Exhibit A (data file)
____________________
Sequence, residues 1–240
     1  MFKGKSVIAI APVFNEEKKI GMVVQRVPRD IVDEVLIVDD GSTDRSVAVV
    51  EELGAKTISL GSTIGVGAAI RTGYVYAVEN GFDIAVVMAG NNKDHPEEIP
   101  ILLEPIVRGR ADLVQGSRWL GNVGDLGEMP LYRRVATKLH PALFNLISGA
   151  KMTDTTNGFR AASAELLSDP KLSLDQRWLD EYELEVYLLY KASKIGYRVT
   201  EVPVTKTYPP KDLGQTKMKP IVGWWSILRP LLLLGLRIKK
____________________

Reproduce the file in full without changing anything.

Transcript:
Sequence, residues 1–240
     1  MFKGKSVIAI APVFNEEKKI GMVVQRVPRD IVDEVLIVDD GSTDRSVAVV
    51  EELGAKTISL GSTIGVGAAI RTGYVYAVEN GFDIAVVMAG NNKDHPEEIP
   101  ILLEPIVRGR ADLVQGSRWL GNVGDLGEMP LYRRVATKLH PALFNLISGA
   151  KMTDTTNGFR AASAELLSDP KLSLDQRWLD EYELEVYLLY KASKIGYRVT
   201  EVPVTKTYPP KDLGQTKMKP IVGWWSILRP LLLLGLRIKK